Basel is the most northern city in Switzerland. You can actually walk from Basel to Germany or France. However, I believe most people arrive by train or plane.
By plane: Basel has its own airport – the EuroAirport Basel Mulhouse Freiburg, which is only about a 10 minutes drive from the city center. Or you will fly into Zurich (as I did) and from Zurich Airport, you can hop on a train and go directly to Basel train station (about an hour‘s train ride).
By train: Basel has two train stations. One is Badischer Bahnhof in Kleinbasel and the main train station to arrive from places like Zurich (a bit more than an hour), Lucerne (and many other Swiss train stations) cities in Germany or France.
It is just a stone‘s throw from the train station to the Old Town of Basel – you could walk or take the tram, which brings you directly to the old part, or even to Kleinbasel.
By car: Many people start or end their Grand Tour of Switzerland in Basel. Personally, I have never driven to Basel by car, but even if you do, I suggest leaving your car at the hotel and using public transportation during your stay.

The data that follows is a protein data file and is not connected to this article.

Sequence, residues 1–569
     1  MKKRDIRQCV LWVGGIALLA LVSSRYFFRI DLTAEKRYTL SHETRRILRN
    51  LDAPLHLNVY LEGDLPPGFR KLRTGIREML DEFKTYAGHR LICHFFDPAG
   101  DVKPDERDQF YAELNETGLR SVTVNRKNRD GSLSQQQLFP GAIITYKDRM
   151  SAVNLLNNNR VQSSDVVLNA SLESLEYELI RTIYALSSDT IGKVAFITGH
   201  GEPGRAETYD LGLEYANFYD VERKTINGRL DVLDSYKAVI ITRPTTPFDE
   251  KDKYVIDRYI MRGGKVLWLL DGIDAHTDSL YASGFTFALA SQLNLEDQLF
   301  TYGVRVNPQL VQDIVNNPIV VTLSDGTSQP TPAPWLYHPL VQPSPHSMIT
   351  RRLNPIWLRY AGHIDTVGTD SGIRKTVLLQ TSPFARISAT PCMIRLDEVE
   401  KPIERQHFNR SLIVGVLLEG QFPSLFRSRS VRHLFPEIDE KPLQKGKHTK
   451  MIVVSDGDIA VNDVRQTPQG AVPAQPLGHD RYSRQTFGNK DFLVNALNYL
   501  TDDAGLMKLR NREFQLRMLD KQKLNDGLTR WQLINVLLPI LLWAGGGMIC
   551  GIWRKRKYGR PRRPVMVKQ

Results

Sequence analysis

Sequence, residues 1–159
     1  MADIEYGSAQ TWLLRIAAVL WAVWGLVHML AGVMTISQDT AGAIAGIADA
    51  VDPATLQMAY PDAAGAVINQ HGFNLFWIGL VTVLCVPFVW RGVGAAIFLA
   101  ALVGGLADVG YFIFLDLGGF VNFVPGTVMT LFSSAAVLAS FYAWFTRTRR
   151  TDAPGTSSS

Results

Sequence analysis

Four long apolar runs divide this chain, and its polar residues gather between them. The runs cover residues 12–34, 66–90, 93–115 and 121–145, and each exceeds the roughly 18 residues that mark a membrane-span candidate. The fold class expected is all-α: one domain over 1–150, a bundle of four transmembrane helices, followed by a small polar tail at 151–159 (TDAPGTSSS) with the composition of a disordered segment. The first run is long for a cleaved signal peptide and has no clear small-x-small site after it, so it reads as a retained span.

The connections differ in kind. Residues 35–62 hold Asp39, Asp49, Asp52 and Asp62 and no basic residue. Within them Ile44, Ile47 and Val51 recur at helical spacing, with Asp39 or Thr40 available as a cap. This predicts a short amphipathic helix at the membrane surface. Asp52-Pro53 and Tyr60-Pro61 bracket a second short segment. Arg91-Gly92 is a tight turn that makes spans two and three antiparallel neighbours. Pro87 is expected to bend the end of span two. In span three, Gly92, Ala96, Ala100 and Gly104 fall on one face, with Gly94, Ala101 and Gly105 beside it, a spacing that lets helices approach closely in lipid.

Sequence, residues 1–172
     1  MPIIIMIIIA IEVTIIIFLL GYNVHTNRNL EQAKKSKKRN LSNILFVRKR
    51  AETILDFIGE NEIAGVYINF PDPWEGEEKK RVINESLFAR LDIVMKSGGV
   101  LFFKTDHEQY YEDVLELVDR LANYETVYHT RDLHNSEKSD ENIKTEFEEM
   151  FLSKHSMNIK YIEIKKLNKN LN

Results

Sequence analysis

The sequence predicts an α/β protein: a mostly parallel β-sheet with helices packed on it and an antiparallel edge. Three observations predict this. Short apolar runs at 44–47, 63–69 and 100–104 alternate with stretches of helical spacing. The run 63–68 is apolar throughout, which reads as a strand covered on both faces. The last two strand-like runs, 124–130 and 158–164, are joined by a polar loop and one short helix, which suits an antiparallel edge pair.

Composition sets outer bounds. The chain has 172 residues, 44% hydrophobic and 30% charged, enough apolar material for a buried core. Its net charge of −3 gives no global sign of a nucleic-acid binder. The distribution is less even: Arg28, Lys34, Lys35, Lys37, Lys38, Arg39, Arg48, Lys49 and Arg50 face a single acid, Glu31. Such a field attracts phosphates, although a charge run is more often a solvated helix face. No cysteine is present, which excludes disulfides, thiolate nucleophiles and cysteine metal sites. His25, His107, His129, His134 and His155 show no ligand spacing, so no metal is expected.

How to Get Around
Basel has an amazing public transportation system. Seriously!
Though I stayed close to the old town and could have walked most of the time, I did enjoy the tram rides. Reliable, fast – and free. If you stay in an official accommodation (even an Airbnb), you will get the Basel Card at your hotel/accommodation, which will allow you to use public transportation for free.
The town center is the Old town and Kleinbasel, and you can easily walk to many sights. If not, then the tram stations and stops are frequent.
If you get to Basel by car, I suggest leaving your car at the hotel and using the Basel Card to get to any tourist attractions in Basel (you seriously don’t need a car here).
Basel Card: Okay, what exactly is the Basel Card? As mentioned before, it is really great to use for unlimited public transportation in Basel ANNNNND you can use it for a discount on museums and attractions.